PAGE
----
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Temperatures across the world could rise as much as 4 degrees centigrade this century, a new United Kingdom report claims, setting off a chain reaction of flooding, droughts and mass extinctions.

Although it doesn’t sound like much, a 4C rise (about 6 degrees Fahrenheit) would be disastrous, in part because large structures like glaciers depend on specific temperature ranges, and in part because regional variations could be much wider. Professor Bob Watson told the UK government that it should be prepared for major changes, despite a plan to keep any temperature shifts under 2C.

The UK is an interesting source of information about climate change, because government scientists there have encountered far less resistance to their research than counterparts in the United States. As a relatively small country surrounded by water and dependent on ocean currents to maintain the temperate weather, the UK would be betting on its own future existence by ignoring climate change. It has led the way in studying the phenomenon with reports like the Stern Review.

But for a country like the US, such a large temperature swing would still be massively destabilizing. Worldwide, a climate shift would cause torrential rain in some places, and harsh droughts in others; both cases would require strenuous efforts to control, sanitize and supply water, both for human consumption and agriculture. Even small changes could destabilize worldwide water supplies. Meanwhile, in the case of a major change, rising sea levels would send waves lapping into every coastal city.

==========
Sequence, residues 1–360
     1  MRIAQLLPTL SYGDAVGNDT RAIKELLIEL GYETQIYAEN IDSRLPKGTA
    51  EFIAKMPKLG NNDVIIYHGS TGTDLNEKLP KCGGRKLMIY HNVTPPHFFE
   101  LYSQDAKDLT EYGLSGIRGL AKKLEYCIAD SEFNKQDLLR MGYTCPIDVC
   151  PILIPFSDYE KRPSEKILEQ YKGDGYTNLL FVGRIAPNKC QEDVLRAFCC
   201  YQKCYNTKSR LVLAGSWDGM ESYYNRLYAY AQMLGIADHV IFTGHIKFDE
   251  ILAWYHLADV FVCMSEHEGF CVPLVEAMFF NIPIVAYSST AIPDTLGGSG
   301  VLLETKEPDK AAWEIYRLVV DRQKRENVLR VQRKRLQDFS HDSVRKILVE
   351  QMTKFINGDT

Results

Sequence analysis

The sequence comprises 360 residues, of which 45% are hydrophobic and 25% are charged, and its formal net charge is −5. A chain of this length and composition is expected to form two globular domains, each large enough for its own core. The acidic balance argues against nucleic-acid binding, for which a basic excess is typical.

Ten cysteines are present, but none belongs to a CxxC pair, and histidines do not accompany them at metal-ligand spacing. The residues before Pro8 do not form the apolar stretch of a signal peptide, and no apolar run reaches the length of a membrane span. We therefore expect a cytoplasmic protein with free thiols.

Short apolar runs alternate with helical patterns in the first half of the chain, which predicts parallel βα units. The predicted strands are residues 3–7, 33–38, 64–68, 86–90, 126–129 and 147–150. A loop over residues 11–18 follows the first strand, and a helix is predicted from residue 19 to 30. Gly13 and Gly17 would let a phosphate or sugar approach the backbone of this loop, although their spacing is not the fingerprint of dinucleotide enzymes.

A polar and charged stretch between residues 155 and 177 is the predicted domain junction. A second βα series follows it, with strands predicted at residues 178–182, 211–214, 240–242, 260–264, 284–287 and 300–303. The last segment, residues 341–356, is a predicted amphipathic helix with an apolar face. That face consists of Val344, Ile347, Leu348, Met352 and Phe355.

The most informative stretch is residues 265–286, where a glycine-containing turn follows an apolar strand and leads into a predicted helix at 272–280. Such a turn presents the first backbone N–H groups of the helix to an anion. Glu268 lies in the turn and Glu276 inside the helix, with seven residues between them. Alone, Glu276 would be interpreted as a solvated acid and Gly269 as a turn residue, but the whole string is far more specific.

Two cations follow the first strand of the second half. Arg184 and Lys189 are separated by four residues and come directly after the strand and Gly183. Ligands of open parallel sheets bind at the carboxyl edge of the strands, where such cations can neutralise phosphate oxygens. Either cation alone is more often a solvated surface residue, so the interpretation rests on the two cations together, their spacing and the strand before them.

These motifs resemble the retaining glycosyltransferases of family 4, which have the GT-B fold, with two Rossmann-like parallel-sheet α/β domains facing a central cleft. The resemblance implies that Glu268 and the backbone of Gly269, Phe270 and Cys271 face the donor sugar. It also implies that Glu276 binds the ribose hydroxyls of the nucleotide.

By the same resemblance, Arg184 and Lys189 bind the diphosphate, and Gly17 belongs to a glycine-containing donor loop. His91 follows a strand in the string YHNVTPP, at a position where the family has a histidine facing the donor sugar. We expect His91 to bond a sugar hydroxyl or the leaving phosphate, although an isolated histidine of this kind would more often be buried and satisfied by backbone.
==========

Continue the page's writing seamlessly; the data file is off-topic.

If or until those events occur, Watson has recommended heavy government investment in carbon capture and sequestration for coal plants, despite the litany of criticisms others have leveled at the technology. (More on the US government’s moves toward CCS direction later today).

As a counterpoint to the dire predictions, it’s also possible that scientists in the UK overstate estimates in an effort to spur action. And whether the world is actually warming up or not remains a point of contention — even though some changes can already be seen.

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